The End Of All Things
In The Lord of the Rings, after Gollum has fallen into Mt. Doom with the ring, the kingdom of the Dark Lord begins to crumble and fall apart. Standing on the quaking mountain, Frodo speaks these words,
“I am glad you are here with me. Here at the end of all things,
Sam”. . . And Sam still holding his master’s hand caressed it.
He sighed, “What a tale we have been in, Mr. Frodo, haven’t
we?” he said. “I wish I could hear it told! . . . And I wonder how
it will go on after our part.”
Have you ever wondered the same thing? What will happen when your part in the tale of life is finished? What will the end of all things be like? God pulls back the curtain and reveals the true end of all things in Revelation 21:1-22:5. He doesn’t give us all the details, but he gives us enough information to keep us going in the fight of faith.
The history of redemption reaches its climax with the reign of God and Lamb in the new heaven and the new earth. God himself summarizes the matter in Revelation 21:5, “I am making everything new!” What is the nature of the newness? How will the new order of things be different from the old or present order?
We must begin by making sure we understand the significance of the new creation. John’s phrase refers to the restoration of all things spoken about in Acts 3:21 where Peter makes the following point about Jesus, “He must remain in heaven until the time comes to restore everything, as he promised long ago through his holy prophets.” Notice in particular three words: to restore everything.
Paul spoke of the same thing in Romans 8:19-21, “The creation waits in eager expectation for the sons of God to be revealed. For the creation was subjected to frustration, not by its own choice, but by the will of the one who subjected it, in hope that the creation itself will be liberated from the bondage of decay and brought into the glorious freedom of the children of God.” The revealing Paul speaks of in Romans 8:19 is identified in Romans 8:23 as “the redemption of our bodies” at the second coming of Christ (See 1 Corinthians 15 and 1 Thessalonians 4:13-18).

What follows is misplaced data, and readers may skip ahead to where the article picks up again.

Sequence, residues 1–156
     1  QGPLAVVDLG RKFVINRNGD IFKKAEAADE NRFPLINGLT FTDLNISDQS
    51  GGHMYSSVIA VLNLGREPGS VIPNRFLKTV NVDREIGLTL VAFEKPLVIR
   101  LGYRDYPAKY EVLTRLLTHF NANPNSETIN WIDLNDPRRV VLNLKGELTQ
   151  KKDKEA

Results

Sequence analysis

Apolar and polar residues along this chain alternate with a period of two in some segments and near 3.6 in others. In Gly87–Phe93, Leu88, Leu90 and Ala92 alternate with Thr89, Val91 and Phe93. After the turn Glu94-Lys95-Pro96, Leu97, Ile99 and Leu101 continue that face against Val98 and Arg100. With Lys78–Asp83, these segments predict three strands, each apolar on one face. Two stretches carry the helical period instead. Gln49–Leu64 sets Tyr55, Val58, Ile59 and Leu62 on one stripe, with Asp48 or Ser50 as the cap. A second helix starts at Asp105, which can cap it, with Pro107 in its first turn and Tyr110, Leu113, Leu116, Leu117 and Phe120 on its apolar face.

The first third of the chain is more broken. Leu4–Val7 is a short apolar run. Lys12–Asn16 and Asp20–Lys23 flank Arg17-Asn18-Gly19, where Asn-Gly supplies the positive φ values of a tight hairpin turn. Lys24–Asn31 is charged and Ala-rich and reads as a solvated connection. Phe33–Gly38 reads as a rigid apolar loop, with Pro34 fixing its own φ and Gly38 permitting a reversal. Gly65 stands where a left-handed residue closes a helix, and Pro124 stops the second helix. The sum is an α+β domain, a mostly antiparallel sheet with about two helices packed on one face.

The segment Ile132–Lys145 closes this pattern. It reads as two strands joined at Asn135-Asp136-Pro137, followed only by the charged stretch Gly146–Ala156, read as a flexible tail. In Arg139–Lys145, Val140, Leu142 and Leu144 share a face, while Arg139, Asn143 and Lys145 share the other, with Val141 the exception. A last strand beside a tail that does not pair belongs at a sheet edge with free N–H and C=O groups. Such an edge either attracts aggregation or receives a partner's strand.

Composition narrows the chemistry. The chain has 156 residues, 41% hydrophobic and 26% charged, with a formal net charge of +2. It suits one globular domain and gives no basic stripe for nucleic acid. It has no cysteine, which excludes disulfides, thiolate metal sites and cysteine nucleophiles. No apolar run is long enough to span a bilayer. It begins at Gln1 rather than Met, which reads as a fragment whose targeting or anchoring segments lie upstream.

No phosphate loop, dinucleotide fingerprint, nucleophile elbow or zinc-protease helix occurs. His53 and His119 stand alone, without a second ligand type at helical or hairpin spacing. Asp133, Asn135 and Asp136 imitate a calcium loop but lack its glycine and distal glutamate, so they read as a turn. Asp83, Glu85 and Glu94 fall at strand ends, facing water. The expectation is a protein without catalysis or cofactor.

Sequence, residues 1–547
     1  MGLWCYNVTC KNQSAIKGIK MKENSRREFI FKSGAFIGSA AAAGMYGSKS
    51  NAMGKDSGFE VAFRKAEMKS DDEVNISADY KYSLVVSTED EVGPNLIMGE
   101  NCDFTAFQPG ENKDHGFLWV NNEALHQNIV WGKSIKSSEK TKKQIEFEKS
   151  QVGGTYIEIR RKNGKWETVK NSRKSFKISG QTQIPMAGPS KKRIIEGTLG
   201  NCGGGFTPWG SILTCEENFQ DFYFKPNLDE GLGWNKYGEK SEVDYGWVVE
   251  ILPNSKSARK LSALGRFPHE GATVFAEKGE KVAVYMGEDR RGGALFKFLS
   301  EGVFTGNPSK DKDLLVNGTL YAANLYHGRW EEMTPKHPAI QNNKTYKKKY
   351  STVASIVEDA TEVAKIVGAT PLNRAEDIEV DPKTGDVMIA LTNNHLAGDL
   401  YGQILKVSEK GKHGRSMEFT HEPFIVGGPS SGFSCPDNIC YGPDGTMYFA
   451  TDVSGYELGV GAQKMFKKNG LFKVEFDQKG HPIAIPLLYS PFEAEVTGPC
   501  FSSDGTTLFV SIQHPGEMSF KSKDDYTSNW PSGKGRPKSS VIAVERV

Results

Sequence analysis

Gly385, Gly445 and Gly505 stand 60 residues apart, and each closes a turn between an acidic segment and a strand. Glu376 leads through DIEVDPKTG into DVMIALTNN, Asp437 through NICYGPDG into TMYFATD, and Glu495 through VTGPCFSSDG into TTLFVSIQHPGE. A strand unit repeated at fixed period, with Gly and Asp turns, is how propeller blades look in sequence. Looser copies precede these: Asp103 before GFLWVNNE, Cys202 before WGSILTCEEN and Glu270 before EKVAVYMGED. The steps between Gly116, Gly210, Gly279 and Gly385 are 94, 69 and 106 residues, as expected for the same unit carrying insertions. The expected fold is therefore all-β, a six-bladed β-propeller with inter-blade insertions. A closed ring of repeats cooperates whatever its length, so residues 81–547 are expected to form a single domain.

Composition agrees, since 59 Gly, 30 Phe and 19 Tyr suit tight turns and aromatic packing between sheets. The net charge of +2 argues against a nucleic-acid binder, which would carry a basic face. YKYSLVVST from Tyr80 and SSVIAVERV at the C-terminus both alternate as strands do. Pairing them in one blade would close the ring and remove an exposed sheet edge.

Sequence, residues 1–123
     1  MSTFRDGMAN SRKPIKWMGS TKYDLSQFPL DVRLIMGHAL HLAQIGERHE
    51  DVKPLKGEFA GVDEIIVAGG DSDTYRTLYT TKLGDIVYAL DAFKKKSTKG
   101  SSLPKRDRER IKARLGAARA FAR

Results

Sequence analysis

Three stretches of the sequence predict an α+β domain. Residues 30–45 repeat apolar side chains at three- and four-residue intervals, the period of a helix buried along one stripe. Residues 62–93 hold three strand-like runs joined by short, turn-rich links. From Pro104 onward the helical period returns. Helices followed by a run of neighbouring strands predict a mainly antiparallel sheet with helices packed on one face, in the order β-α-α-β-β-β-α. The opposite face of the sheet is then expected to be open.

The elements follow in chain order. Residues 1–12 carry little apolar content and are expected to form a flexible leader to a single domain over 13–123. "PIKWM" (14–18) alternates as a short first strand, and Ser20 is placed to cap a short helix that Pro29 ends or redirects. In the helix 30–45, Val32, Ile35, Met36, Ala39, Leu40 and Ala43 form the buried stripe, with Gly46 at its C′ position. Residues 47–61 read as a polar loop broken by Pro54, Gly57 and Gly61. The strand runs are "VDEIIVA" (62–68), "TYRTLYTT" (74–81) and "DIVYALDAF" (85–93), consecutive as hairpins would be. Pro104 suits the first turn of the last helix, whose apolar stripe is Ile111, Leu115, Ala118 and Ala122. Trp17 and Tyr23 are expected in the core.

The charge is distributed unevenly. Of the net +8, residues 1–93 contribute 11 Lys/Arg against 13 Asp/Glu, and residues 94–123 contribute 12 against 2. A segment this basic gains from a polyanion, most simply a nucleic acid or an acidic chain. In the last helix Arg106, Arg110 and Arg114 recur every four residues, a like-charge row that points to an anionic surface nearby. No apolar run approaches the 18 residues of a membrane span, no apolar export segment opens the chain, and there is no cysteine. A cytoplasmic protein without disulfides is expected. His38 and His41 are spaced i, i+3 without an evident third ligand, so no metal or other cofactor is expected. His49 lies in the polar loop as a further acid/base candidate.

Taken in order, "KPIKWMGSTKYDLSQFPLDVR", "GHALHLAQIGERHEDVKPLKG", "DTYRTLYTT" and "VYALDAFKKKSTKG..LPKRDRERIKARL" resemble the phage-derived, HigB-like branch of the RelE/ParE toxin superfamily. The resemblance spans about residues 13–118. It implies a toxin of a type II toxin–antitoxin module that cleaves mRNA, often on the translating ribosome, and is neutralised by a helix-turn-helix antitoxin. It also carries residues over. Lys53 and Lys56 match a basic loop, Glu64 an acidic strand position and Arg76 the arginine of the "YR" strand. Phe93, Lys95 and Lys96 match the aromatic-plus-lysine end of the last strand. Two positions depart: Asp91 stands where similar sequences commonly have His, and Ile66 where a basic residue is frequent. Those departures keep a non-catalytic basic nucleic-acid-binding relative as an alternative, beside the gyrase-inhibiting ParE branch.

Anthony Hoekema stated the importance of these truths in his book The Bible and the Future, “The doctrine of the new earth is important for a proper grasp of the full dimensions of God’s redemptive program. The work of Christ . . . is not just to save certain individuals, not even to save an innumerable throng of blood-bought people. The total work of Christ is nothing less than to redeem this entire creation from the effects of sin. That purpose will not be accomplished until God has ushered in the new earth, until Paradise Lost has become Paradise Regained. We need a clear understanding of the doctrine of the new earth, therefore, in order to see God’s redemptive program in its cosmic dimensions. We need to realize that God will not be satisfied until the entire universe has been purged of all the results of man’s fall.”
The Old Testament roots of the doctrine of the new earth appear in Isaiah 65 and 66. Here it forms the climax of Isaiah’s message. Allusions to this doctrine appear in the following chapters in Isaiah: 11, 41-43, and 55.
In the New Testament, outside of the passages mentioned above, Peter uses the destruction of the present creation to motivate believers to holy living in 2 Peter 3. Read carefully 2 Peter 2:10-11, “But the day of the Lord will come like a thief. The heavens will disappear with a roar; the elements will be destroyed by fire, and the earth and everything in it will be laid bare. Since everything will be destroyed in this way, what kind of people ought you to be?” The writer of Hebrews puts it like this in 12:25-27, “See to it that you do not refuse him who speaks. If they did not escape when they refused him who warned them on earth, how much less will we, if we turn away from him who warns us from heaven? At that time his voice shook the earth, but now he has promised, ‘once more I will shake not only the earth but also the heavens.’ The words ‘once more’ indicate the removing of what can be shaken – that is, created things – so that what cannot be shaken may remain.”
God is at work redeeming the entire creation from the results of the fall. Nothing will hinder him or keep him from accomplishing his purpose. As the great multitude of Revelation 7 declares in verse 10, “Salvation belongs to our God, who sits on the throne and to the Lamb.” Salvation belongs to them because it has already been accomplished by the Lamb. The song to the Lamb in Revelation 5:9 speaks of this truth, “You are worthy to take the scroll and to open its seals, because you were slain, and with your blood you purchased people for God from every tribe and language and people and nation.” The Lamb will consummate God’s plan as the song of Revelation 7:17 reminds us, “The Lamb at the center of the throne will be their shepherd; he will lead them to springs of living water. And God will wipe away every tear from their eyes.”
These truths bring to my mind the lines from an old gospel hymn. They express the desire of my heart and I pray they do the same for you, “I want to be there when the ransomed army sings. I want to be there when they crown Him King of Kings.”
Waiting in eager expectation with the entire creation,
Elder Jim Gordon